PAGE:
5. Plans that are not logistically sound
In a social setting one time, someone mentioned to me that they had created their Will online. They were open to sharing about the experience and mentioned that they had named their parents as their beneficiaries in their Will. There’s nothing wrong with this, but it requires some additional thinking through things. Parents are older than their children, and in most situations the children will outlive the parents. At Graceful Aging Legal Services, PLLC, we want to help you create a plan that needs to be reviewed but hopefully requires few revisions except at big transitions in your life. If you pass away without making changes, we want your planning to go the extra mile for you. Let’s say that you name your parents as beneficiaries of your Will, but no back up beneficiaries. You figure you can update it later- but never get around to it. Eventually you pass with no named beneficiaries, which defeats the purpose of making a Will. An experienced estate planning attorney can help you avoid situations like this and worse.
6. No probate-avoidance planning
Another thing people are confused about is thinking that a Will helps avoid probate. It doesn’t. The purpose of a Will is for a probate court to know what you want when you die so they can carry out your wishes. In a meeting with a good estate planning attorney, you will talk about your goals for your assets when you die and create a plan. Oftentimes we are able to guide clients how to avoid probate. One of my favorite things is when someone comes to us for probate and we are able to tell them that good planning means that they don’t need to go to court.
7. Validate of the Will is easier to challenge
Although having options to create a Will yourself may be beneficial to some, it also creates opportunity for bad actors- or the perception that people are acting with impure motives. Imagine a scenario where your neighbor asks you to draft a will off the internet for them to sign. You may be called into Court to testify about how the Will was created, your neighbors medical condition at the time the Will was created, to what extent you helped, and if you inherited anything you’ll be looked at with additional scrutiny. Having a lawyer involved not only protects the Will and the Will-maker, but also the family and friends involved. We know how to prevent claims of undue influence and ensure the Will document is valid.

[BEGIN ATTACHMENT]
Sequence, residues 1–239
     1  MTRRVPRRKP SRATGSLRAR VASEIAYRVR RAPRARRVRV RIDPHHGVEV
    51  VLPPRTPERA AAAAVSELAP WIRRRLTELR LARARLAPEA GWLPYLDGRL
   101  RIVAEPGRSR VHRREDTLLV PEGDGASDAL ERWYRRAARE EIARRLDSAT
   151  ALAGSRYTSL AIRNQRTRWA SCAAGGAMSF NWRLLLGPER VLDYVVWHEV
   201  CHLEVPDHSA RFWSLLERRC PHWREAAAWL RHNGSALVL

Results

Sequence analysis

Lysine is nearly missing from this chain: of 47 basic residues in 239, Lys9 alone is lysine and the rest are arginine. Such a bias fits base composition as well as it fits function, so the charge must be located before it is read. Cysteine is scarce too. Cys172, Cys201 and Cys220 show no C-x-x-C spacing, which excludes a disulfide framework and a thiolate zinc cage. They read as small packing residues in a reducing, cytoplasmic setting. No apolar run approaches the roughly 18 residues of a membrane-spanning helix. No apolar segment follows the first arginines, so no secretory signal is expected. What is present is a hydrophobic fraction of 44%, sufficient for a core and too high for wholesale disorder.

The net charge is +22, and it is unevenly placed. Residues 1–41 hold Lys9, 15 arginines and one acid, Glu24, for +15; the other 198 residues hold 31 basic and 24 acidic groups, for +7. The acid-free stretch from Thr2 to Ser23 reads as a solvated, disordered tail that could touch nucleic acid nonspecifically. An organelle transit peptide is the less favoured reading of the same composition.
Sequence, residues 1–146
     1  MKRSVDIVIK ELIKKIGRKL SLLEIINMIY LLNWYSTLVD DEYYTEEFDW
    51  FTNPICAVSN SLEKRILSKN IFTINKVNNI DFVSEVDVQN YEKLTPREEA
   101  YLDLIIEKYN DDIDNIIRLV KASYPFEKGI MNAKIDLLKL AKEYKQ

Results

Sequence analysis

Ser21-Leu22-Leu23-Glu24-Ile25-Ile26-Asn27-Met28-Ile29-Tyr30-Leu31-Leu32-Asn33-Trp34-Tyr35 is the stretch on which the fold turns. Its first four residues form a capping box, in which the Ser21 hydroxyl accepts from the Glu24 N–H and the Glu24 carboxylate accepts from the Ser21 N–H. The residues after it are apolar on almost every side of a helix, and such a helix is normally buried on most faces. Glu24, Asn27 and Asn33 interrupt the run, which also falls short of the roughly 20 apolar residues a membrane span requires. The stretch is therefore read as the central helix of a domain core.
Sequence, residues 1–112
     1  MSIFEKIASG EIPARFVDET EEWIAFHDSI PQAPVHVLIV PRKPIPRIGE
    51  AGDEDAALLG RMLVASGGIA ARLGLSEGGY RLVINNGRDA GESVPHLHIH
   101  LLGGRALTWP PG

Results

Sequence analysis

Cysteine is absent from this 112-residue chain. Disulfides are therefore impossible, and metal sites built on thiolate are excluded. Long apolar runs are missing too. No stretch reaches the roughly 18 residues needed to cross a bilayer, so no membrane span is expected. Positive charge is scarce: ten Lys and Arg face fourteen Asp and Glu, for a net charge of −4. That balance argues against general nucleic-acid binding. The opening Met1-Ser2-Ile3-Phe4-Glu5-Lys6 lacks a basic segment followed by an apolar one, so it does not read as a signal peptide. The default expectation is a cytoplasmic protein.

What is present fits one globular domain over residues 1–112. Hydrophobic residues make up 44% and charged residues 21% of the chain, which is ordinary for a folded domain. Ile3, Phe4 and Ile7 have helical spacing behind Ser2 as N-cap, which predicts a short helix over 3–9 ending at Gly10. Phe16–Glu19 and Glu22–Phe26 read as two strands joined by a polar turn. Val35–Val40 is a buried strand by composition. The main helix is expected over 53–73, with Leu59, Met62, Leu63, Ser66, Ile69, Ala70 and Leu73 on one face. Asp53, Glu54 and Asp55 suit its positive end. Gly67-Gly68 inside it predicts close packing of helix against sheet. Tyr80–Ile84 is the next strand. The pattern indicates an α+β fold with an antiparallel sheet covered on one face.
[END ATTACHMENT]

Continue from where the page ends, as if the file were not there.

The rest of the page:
When you write your own Will, you don’t know what mistakes you might make. Unfortunately, by the time the Will is submitted to probate, you won’t be around to make clarifications. The Court will have to go by what is written in the Will. Your family will be stuck with what you wrote, or risk the Court finding that your Will is invalid and throwing out all of the work you did to create it in the first place. If your family thinks that you didn’t mean what you wrote, they will have to pay additional costs to help the Court figure out what you meant. When that happens, lawyers get more of your money and your family gets less.
We prefer to work with families who get along, and are on the same page when it comes to their loved one’s estate. It makes the probate process (if there is one), easier both emotionally and financially. We don’t like to make money correcting mistakes or with families who have been left in a difficult position. If you find yourself in this situation, we’re happy to help but we’d much prefer that you not be there in the first place.
If you have an online will or were thinking about it, sign up here for our virtual estate planning challenge to think through all of the things you need before you even meet with an attorney.